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2 women share struggles with long COVID: ‘My life looks completely unrecognizable to me’

“The exhaustion kept growing and growing,” one woman with long COVID said.

After getting her COVID-19 booster last October, Kim Seaman felt safe. But in January she and her family started getting sick and tests confirmed they had breakthrough cases of the illness. Though everyone else got better, Seaman kept getting worse.

“The exhaustion kept growing and growing,” she says. “It was such an extreme exhaustion I couldn’t get out of bed except to go to the bathroom.”

When Seaman felt good enough to get out of bed she discovered that climbing just a few stairs sent her heart racing. Moreover, her balance was off; her thinking was foggy; and she became severely sensitive to light. Seaman was so disabled by her symptoms she had to give up driving and even needed a wheelchair to attend her son’s college graduation.

“My life looks completely unrecognizable to me,” says the 53-year-old stay-at-home mom and dog breeder. “I can’t drive or do anything I used to do.”

The long COVID-19 numbers are scary. In a Centers for Disease Control and Prevention study that included 300,000 patients researchers found that one in five of those aged 18 to 64, and one in four of those aged 65 and older, reported the persistence of at least one of the panoply of symptoms — such as crushing fatigue, musculoskeletal pain, heart problems, kidney failure, blood clots and diabetes — that can be hallmarks of long COVID.

Estimates of the impact of vaccination on the likelihood of developing long COVID have varied widely, with the latest study finding that being fully vaccinated cut the rate of long COVID by a mere 15%.

Seaman initially didn’t know what to make of her wide ranging symptoms. But by April she was starting to think she might have developed long COVID. In May she started seeing doctors at a clinic that specialized in treating long COVID.

Seaman with three of her sons before the COVID-19 pandemic.
Seaman with three of her sons before the COVID-19 pandemic. Courtesy Kim Seaman

One of her doctors there says Seaman’s symptoms are typical of what many long COVID patients describe. “Fatigue is a big one,” says Dr. Jignasa Puri, a physician at Scripps Mercy Advanced Care Clinic and COVID Recovery Program. “And decreased endurance, shortness of breath, heart palpitations, brain fog and, early on, chest pain. Some have neurological symptoms, like trembling hands, light headedness and insomnia.

It’s thought that the underlying cause might be systemic inflammation kicked off by infection with SARS-CoV-2 , but right now, no one knows for sure, Puri says. “I think everyone wants a magic pill and so many diseases don’t have one. The goal becomes managing symptoms.”

And with so many symptoms to try to manage, Puri tells patients to pick two or three to work on. Often she says, if those symptoms improve, others will follow. None of Puri’s patients have come back 100% so far. But they do improve. “I try to get them to understand if they get to 90% of where they used to be they should celebrate that,” Puri says.

With nearly 90 million Americans infected by the virus that causes COVID-19, one in five or four translates into a lot of people, some of whom are so severely disabled they can’t go back to work.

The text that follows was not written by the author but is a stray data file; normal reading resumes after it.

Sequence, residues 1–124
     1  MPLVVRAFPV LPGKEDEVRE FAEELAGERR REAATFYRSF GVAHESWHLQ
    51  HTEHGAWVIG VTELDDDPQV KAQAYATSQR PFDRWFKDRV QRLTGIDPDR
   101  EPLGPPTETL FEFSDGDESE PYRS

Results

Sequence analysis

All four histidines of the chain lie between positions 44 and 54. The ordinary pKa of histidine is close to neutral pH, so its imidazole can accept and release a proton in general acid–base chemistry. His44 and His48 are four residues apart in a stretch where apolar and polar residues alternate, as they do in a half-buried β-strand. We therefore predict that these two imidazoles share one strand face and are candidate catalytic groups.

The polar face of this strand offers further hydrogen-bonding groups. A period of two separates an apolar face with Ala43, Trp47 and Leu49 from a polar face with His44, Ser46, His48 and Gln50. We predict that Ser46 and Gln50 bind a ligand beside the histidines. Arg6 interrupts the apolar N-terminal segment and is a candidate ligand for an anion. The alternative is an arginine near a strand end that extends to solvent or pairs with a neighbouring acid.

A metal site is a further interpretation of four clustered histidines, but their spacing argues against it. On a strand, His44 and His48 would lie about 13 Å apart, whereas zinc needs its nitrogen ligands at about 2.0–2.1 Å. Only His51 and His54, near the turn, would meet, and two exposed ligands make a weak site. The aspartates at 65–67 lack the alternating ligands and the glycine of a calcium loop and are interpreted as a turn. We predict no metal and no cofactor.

Keighan McGoff is all too well aware of that.

Initially it looked like her breakthrough infection in December of 2021 was going to be mild. In fact, after two weeks most of McGoff’s  symptoms had resolved. But around the same time she started experiencing a severe loss of balance. “I was so extremely dizzy that I couldn’t walk without looking drunk,” the 26-year-old Bostonian remembers. “Just trying to walk across the kitchen I would sway like I was drunk.”

There were other symptoms, too. McGoff started feeling pain in her chest and she began to have fainting spells, brain fog and severe fatigue. She had trouble moving forward and felt like she was dragging her feet through thick, deep mud. The dizziness and fainting spells derailed McGoff’s budding career as a cabinet maker. There was no way she could work at a job requiring power tools.

For months neither McGoff nor her primary care physician thought her symptoms were signs that she had developed long COVID. Her doctor initially worried that McGoff might have had a stroke and sent her to a neurologist. Imaging didn’t show signs of a stroke and the neurologist, who wasn’t sure what the underlying problem was, arranged for physical therapy to help with the balance and dizziness.

It wasn’t until the end of June that McGoff finally got a referral to a long COVID clinic. She’s still waiting for an appointment there. In the meantime, she can’t drive, has no job and is expecting to be homeless by the beginning of August. When she turned 26 she was dropped from her parents’ health plan and is now only able to get care through MassHealth, her state's insurance program.

The nation hasn’t come to grips yet with costs of long COVID, says David Cutler, a professor of economics at Harvard University. Between lost quality of life, lost labor income and additional medical spending, the costs are enormous, Cutler says.

“People have been focusing on deaths, not on how many long-term impaired people there are,” Cutler says. “Our first priority is figuring out how many people have long COVID and how to treat them,” he adds. “Then, as a society we will need to figure out how to manage with an estimated two million people out of the labor force.”

McGoff says people like her are going far too long without a diagnosis and help.

“It feels like a massive abandonment,” McGoff says. “I feel like there should be something out there to catch people in positions like mine."